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Bruce A Pfeffer, Chengjian Tu, Jun Li, Jun Qu, Steven J Fliesler; Comparative proteomic profiling of cultured RPE cells derived from human embryonic stem cells vs. rhesus monkey. Invest. Ophthalmol. Vis. Sci. 2016;57(12):232.
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© ARVO (1962-2015); The Authors (2016-present)
Cultured retinal pigment epithelial (RPE) cells from non-human primate, and those derived from human embryonic stem cells (hesc), each with their own strategic and translational merits and deficiencies, are potential substitutes for RPE cell lines and cultures established from human donor eyes. A fair consensus with regard to human RPE signature gene and protein expression has emerged from analysis of native and cultured RPE in published reports. We generated proteomic profiles to compare cultured hesc-derived and rhesus macaque RPE cells in terms of correlation with human RPE signature genes and proteins.
Human (hesc-derived) and rhesus RPE cells (4th and 3rd passage, respectively) were maintained as stable, confluent monolayers for 8 weeks. Both strains displayed a polarized, pigmented epithelial phenotype in vitro. Triplicate sets of cell lysates were subjected to on-pellet proteolytic digestion and separations by nano-reverse-phase LC/ion-current-based tandem mass spectroscopy [Tu et al., Mol Cell Proteomics 2013]. Identifications from the UniProt human protein database were made on the basis of at least two unique peptides for each protein. Proteins detected were quantified by AUC using SIEVE, and ranked by relative abundance.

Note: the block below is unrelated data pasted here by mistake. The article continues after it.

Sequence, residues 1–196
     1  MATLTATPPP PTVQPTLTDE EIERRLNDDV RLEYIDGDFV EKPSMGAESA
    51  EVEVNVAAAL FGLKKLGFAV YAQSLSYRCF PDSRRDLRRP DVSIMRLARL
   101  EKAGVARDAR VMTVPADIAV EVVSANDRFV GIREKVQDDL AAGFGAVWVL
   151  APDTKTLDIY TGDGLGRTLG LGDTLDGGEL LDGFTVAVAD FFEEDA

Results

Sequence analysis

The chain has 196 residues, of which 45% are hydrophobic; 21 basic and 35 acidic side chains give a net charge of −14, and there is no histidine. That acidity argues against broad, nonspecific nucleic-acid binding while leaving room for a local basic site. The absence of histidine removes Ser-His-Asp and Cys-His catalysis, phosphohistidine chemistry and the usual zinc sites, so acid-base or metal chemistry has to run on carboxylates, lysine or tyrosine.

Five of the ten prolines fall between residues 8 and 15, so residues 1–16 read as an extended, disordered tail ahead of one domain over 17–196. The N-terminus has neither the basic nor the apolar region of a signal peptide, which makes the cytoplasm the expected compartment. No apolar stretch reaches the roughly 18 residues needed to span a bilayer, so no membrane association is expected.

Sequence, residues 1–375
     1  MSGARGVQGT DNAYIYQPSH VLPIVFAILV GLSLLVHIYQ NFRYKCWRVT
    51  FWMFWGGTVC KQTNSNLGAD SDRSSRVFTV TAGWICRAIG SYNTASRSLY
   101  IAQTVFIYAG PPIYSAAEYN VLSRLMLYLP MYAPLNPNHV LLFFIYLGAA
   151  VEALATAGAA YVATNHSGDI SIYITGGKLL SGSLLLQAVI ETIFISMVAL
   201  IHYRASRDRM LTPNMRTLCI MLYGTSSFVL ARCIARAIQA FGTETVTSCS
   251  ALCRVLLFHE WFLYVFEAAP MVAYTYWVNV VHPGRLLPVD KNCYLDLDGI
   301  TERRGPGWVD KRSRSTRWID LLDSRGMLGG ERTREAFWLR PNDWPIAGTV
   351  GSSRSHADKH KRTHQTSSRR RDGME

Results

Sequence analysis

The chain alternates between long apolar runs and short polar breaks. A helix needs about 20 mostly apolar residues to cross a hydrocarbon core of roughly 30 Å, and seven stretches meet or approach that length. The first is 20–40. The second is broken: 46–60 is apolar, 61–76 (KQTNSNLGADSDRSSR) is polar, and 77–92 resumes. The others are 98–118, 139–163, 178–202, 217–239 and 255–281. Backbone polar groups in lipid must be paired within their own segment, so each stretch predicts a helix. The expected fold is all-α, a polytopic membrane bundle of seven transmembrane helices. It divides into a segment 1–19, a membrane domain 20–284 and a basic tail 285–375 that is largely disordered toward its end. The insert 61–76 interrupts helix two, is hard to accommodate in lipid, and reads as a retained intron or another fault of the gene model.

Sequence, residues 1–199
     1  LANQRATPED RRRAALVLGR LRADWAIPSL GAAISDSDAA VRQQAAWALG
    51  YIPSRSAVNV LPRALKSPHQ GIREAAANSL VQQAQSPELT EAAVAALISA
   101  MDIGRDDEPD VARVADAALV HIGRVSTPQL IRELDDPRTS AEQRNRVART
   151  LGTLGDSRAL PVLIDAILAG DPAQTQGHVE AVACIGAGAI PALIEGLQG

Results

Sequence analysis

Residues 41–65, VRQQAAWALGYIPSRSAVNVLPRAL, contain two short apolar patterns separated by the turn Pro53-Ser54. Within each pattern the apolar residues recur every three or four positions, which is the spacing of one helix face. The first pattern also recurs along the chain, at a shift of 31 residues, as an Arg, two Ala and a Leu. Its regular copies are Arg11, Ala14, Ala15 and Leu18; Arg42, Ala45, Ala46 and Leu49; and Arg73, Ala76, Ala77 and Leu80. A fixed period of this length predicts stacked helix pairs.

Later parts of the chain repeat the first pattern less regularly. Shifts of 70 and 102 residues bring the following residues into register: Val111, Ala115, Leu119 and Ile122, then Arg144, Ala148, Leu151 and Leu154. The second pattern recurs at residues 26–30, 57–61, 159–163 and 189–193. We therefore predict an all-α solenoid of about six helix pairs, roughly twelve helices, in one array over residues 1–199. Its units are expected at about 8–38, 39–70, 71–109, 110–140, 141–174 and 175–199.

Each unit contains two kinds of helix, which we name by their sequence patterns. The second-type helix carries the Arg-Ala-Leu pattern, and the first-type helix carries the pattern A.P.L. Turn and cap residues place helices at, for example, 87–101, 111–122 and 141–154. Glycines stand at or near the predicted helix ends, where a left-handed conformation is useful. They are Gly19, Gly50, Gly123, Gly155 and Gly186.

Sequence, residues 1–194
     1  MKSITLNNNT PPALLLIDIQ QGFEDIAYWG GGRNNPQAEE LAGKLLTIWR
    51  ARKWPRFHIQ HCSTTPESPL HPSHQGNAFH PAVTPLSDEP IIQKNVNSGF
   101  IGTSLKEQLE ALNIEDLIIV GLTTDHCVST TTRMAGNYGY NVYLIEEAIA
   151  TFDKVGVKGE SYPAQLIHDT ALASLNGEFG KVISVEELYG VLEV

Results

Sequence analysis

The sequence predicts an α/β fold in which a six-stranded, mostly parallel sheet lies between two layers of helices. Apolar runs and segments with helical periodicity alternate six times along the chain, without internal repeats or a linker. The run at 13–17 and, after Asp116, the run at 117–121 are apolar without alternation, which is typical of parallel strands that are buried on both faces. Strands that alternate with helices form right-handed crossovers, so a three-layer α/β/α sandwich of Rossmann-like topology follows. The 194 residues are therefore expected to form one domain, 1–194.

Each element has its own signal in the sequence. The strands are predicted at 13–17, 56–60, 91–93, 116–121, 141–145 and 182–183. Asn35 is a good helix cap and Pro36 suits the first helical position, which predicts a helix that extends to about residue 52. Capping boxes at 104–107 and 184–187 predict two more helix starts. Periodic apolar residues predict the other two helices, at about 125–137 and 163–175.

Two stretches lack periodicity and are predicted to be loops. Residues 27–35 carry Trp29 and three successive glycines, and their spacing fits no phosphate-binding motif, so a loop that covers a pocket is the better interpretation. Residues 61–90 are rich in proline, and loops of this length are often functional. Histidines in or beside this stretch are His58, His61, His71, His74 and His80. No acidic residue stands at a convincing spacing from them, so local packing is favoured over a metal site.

Approximately 1100 – 1300 proteins per sample were identified. Intensity vs. retention time plots showed consistent alignment for replicates within each species (87.6% and 95.1% for hesc- and rhesus RPE, respectively), but only a mean of 41.3% between species. For the 110 most abundant proteins detected in either hesc- or rhesus RPE, 70.0% vs. 77.3% of these overlapped with the other subset, respectively. Of the 50 most abundant proteins detected, 35 from either hesc-derived or rhesus cultured RPE corresponded to an entry from at least one comprehensive, recently published list of human RPE signature genes or proteins [Strunnikova et al., Hum Mol Genet 2010; West et al., Mol Cell Proteomics 2003]. Cytoskeletal, retinoid-processing, ion and small molecule transport, and antioxidant/pro-survival functional categories were highly represented for both species. RPE65, an exemplary signature protein for native RPE, was detected in both hesc- and rhesus RPE, with comparative normalized abundance values of 0.041 and 0.350, respectively.
Proteomic profiling may be used to authenticate cultured hesc-RPE and non-human primate RPE.
This is an abstract that was submitted for the 2016 ARVO Annual Meeting, held in Seattle, Wash., May 1-5, 2016.
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